About 80 percent of students in the United States end up changing their major at least once, according to the National Center for Education Statistics.
I am a part of that statistic. At the end of my freshman year, I changed my major from English Secondary Education to pursue a degree in Communications with an emphasis in Journalism.
I’m sure that of the 80 percent mentioned, there are only a handful that thought they would ever change their major; I am not one of them. From the sixth grade, I had always wanted to be a teacher. Many of my role models were the English teachers that I had in class; I looked up to them and I wanted to emulate them. So, I decided very early on that I will major in education.
Then the 2018 Teacher Strike hit West Virginia, and I cooled to the idea of being a teacher. However, I continued down a path of declaring a Secondary Education major when I decided to apply and attend Concord University.
I applied to Concord due to its history of being a teacher’s college and its numerous accomplishments in the field of education. Once I was accepted, I quickly found my way into student teaching opportunities but afterward, I felt numb.
I realized this wasn’t what I wanted anymore.
After completing the necessary hours for my student teaching at the local high school in Princeton, I re-declared my major. As my eyes roamed through the list of possible majors, I had to reevaluate what I wanted to do in my life and career.
I was struck with the overwhelming feeling that English wasn’t necessarily the wrong thing to pursue, but teaching wasn’t for me. I have always wanted to write and the 2018 WV Teacher Strike left a profound impact on me, so I still wanted to help those in the educational industry.
I was struck by the importance of the news coverage during this time and how a primary role of journalism is to provide information to the public and act as “a watchdog over public affairs and government” according to the Society of Professional Journalists code of ethics. I wanted to earn a degree in Journalism to enhance the voices of the public as well as provide the necessary tools and information to minimize the harm those impacted by governmental policies may face.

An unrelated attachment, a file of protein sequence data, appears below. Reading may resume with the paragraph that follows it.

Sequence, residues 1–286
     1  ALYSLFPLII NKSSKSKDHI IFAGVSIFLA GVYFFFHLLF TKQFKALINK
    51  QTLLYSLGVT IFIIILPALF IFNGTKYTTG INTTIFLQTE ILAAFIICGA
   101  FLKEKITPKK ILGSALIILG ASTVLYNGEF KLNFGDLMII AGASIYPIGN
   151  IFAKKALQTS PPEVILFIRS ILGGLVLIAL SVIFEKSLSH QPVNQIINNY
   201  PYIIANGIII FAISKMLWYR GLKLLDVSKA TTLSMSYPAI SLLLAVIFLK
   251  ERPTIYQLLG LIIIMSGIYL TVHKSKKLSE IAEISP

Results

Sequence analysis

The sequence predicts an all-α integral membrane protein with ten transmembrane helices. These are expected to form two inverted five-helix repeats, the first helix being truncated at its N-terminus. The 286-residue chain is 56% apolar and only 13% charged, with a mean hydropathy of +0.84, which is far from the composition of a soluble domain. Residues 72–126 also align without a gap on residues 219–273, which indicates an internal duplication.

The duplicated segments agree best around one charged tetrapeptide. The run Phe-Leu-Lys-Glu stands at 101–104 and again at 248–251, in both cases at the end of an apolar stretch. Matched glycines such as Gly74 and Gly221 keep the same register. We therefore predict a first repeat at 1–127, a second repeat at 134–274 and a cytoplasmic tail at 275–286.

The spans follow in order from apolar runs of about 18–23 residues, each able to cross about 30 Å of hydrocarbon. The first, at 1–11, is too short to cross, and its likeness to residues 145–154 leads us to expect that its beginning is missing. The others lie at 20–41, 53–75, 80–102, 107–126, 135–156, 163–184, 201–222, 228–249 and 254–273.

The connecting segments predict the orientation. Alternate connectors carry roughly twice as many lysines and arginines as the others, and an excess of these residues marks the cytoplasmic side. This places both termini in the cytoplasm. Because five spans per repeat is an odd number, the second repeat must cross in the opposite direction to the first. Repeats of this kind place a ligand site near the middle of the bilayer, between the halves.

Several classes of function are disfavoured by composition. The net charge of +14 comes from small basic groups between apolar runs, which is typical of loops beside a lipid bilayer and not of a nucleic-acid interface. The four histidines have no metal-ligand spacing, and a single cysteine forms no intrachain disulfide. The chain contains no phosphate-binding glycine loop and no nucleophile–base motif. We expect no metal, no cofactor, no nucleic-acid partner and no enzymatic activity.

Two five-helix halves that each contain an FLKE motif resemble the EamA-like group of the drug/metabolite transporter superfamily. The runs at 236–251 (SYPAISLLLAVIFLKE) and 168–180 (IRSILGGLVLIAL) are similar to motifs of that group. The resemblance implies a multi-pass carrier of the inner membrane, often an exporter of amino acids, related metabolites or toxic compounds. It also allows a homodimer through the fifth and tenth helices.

This is what drove me to declare a major in communication arts with an emphasis on journalism. I felt that this new major would allow me to enjoy my passion for writing as well as amplify the voices of teachers and others impacted by political issues.
Despite my conviction that this major would be better for me, I was still apprehensive. I remember thinking, “What will my parents think?”
Throughout this entire process, I realized that I wasn’t worried about changing my major but I was worried that I would let others down, especially my mother. I still remember how my hands trembled and how my knuckles turned white as I held the phone in a death grip, waiting for my mom to pick me up to tell her about my decision.
I grew up poor, and my parents only wanted their children to get an education and have a financially stable career. Stability was not something I was familiar with growing up, living paycheck to paycheck. It made sense why I would want to choose a career in education due to its stable job market, salary, and benefits.
Fortunately, my mother was supportive of my decision. Her support helped to reinforce my resolve to change my major to Communication Arts with an emphasis in Journalism.
Even without her support, I would have redeclared my major. I kept reminding myself that I was doing this for me. If I would have turned back then, I knew I would have been letting myself down by continuing to be an education major.
Now, I am on my way to graduate with a degree in Communication Arts and I’m excited about my prospects in terms of career opportunities and growth.
I want to leave you with this advice as you continue your academic career at Concord University and you may find yourself a part of that 80 percent previously mentioned: it is okay to change your major. You are going to college to improve YOUR life, and you should be proud of yourself. Remember, you don’t need anyone to be proud of you because you and only you know how hard you have worked or are working for your achievements.
If you are thinking about changing your major, contact your advisor to review your options.
by Grace Watson